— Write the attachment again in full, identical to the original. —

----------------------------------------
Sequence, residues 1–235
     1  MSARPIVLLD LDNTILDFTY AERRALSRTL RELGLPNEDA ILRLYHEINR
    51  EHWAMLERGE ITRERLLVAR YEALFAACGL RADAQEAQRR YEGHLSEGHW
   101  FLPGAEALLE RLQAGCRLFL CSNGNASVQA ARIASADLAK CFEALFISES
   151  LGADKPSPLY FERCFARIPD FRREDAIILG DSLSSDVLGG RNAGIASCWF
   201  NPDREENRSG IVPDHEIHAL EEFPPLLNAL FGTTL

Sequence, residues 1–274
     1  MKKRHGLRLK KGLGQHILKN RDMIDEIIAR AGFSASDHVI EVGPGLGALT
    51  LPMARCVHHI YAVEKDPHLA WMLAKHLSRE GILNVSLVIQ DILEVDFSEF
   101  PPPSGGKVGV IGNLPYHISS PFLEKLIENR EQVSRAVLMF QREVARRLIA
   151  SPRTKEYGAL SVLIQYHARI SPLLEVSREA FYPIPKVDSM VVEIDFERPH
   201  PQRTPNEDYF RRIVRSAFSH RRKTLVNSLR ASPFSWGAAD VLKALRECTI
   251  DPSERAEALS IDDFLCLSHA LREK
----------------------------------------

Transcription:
Sequence, residues 1–235
     1  MSARPIVLLD LDNTILDFTY AERRALSRTL RELGLPNEDA ILRLYHEINR
    51  EHWAMLERGE ITRERLLVAR YEALFAACGL RADAQEAQRR YEGHLSEGHW
   101  FLPGAEALLE RLQAGCRLFL CSNGNASVQA ARIASADLAK CFEALFISES
   151  LGADKPSPLY FERCFARIPD FRREDAIILG DSLSSDVLGG RNAGIASCWF
   201  NPDREENRSG IVPDHEIHAL EEFPPLLNAL FGTTL

Sequence, residues 1–274
     1  MKKRHGLRLK KGLGQHILKN RDMIDEIIAR AGFSASDHVI EVGPGLGALT
    51  LPMARCVHHI YAVEKDPHLA WMLAKHLSRE GILNVSLVIQ DILEVDFSEF
   101  PPPSGGKVGV IGNLPYHISS PFLEKLIENR EQVSRAVLMF QREVARRLIA
   151  SPRTKEYGAL SVLIQYHARI SPLLEVSREA FYPIPKVDSM VVEIDFERPH
   201  PQRTPNEDYF RRIVRSAFSH RRKTLVNSLR ASPFSWGAAD VLKALRECTI
   251  DPSERAEALS IDDFLCLSHA LREK